How to Make An Ornament Wreath
I LOVE a good DIY Christmas craft, don’t you? Are you ready to learn how to make a DIY ornament wreath? I am so excited to share this tutorial with you. I know you are going to love the end result!
If you love wreath making, you’ll love this craft too:How to Make DIY Glass Pebble Magnets
Before we jump in, I’ve made this Video Tutorial for you to follow along. So read the post and watch the video to learn how to make your own DIY Christmas ornament wreath.
You can go about making this wreath a few different ways. Let’s talk about the most common combinations so that you can start thinking about what color way wreath you want to make.
If you have a large vintage ornament collection or run across them at a thrift store, they make bright, bold wreaths. Shiny Bright vintage ornaments are heavy glass and come in different shapes and sizes. I love the divots and stars of these ornaments.
If you don’t own any, in addition to thrifting, you can purchase them on Etsy or Ebay. Be cautious of the safety of the materials- there is a possibility of mercury in some of them. You can buy realistic dupes (modern, but look vintage) Christmas ornaments at Anthropologie, World Market & West Elm, both online and in store.
Next up is a bright, colorful wreath made with pink, green, blue and purple baubles. The beauty of DIY is that you can customize your wreath in any way that you want. You can make it with primary colors, or pinks and purples or all blues and greens. Any of these combinations would make for a special wreath that matches your decor or represents your personal style.
Lastly, is the monochromatic marvel. Monochromatic means using only one color, sometimes in varying shades. For this type of ornament wreath, you could use silver or gold or even varying degrees of greens or blues. The main goal would be keeping it all of the ornaments in one color family for a solid color wreath.
For more Christmas decor ideas, check out this Pinterest Board dedicated to the best Christmas decor!
Have you decided what type of ornament wreath you want to make? Now that you have an idea, you’ll know which ornaments you’ll want to buy.
This project will take: 35 Minutes
The cost of the supplies is: $35
I priced similar wreaths at a few home decor stores. They ranged from $49.99 to upwards of $200 depending on the ornaments used. You can’t buy a huge, beautiful wreath like this for the same cost of making it. I love a good deal & a good DIY! Are you ready to get started?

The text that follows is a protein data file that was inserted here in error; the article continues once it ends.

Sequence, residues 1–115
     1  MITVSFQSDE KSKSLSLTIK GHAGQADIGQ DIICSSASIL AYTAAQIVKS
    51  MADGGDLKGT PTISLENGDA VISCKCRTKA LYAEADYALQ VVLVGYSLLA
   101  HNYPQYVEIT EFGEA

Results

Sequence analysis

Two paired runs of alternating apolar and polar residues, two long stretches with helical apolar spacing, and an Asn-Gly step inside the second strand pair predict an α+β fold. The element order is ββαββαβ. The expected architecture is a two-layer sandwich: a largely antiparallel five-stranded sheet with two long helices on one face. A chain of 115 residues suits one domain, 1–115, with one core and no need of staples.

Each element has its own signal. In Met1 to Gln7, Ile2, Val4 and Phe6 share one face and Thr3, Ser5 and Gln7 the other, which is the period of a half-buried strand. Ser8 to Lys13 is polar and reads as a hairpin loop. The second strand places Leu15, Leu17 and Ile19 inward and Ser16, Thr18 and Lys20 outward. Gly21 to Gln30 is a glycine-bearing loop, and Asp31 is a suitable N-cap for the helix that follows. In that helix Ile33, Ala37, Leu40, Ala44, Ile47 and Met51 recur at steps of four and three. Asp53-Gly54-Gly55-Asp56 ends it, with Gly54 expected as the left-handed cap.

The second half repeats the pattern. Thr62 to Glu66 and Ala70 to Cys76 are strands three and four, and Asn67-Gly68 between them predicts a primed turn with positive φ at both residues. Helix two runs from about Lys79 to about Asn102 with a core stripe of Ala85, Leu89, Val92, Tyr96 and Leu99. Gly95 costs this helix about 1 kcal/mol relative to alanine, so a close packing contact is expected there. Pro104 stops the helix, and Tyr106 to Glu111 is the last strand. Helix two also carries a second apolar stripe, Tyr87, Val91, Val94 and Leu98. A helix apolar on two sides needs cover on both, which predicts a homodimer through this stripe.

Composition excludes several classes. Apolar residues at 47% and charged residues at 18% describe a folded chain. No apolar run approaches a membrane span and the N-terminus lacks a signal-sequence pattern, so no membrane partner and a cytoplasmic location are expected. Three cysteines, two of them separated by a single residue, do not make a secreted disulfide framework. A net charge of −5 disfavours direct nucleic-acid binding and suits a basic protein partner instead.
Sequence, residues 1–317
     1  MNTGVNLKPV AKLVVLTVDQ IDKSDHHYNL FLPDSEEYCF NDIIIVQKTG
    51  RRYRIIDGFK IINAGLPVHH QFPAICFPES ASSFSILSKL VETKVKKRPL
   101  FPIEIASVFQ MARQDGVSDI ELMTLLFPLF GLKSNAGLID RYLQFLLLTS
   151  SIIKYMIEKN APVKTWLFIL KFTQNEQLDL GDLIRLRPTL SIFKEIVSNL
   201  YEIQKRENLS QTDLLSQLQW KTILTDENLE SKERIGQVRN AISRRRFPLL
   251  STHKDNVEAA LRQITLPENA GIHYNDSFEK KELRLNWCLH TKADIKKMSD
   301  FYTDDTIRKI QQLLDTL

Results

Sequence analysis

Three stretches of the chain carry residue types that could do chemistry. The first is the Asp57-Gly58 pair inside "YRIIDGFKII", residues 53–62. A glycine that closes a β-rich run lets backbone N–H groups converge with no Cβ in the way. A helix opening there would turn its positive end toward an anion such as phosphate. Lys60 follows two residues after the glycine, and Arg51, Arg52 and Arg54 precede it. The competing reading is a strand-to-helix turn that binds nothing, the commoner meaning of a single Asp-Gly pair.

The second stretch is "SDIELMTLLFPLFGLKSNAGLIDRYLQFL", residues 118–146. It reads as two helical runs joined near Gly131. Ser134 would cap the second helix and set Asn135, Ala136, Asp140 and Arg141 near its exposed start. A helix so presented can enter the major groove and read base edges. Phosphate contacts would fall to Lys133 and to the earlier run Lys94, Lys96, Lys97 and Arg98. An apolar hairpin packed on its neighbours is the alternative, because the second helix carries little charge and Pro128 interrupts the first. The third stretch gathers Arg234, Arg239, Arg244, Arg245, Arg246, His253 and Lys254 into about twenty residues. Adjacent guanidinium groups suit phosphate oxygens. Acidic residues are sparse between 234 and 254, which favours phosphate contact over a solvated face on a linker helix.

- High heat hot glue gun
- Gorilla large glue sticks
- 15″ foam wreath form
- 15′ thick tinsel garland
- Silicone craft mat
- 90 Shatterproof ornaments in multiple sizes & shapes
If you are an avid crafter, you have most of these supplies on hand. I ma going to give you a quick breakdown of why I chose these specific materials.
- The foam wreath form needs to be large, but not huge. At 15″- 16″, it’s a good size, but not too heavy or too bulky.
- Tinsel garland. I’m not sure how to describe the thick, full tinsel garland other than you will know it when you see it. It will be shorter in length than the thin garland. It should be around $3-$4 for 15 feet. There will be skinny garland, but you’ll want to skip over that and go for the good stuff. Buy two packages of it so that you have a fully covered wreath.
- A silicone craft mat is a must. It’s a small floppy silicone craft sheet that is used for gluing. Because it is silicone, the glue doesn’t stick. It peels off easily and is great to catch glue gun drops or wipe off glue strings. It comes in around $4 for a 6-8″ mat. It’s also called a glue gun mat, craft sheet, silicone sheet, non stick craft mat. They come in all sizes, but for most projects the small one will do the trick.
- For the shatterproof ornaments, you will need approximately 75-90 ornaments to fill the 15″ wreath form. I purchased a set of 40 multi colored, a set of 25 silver and gold, and 2 packs of 20 mini baubles. I would classify the sets at medium/standard.
- There is no size listed, but this was the most common ornament pack at Walmart. I did see larger ornaments (in a smaller quantity pack), but they look too large to fit well on the wreath. The best advice I can give is to go with a large quantity of ornaments that are about the size of a cuties orange, but smaller than an apple.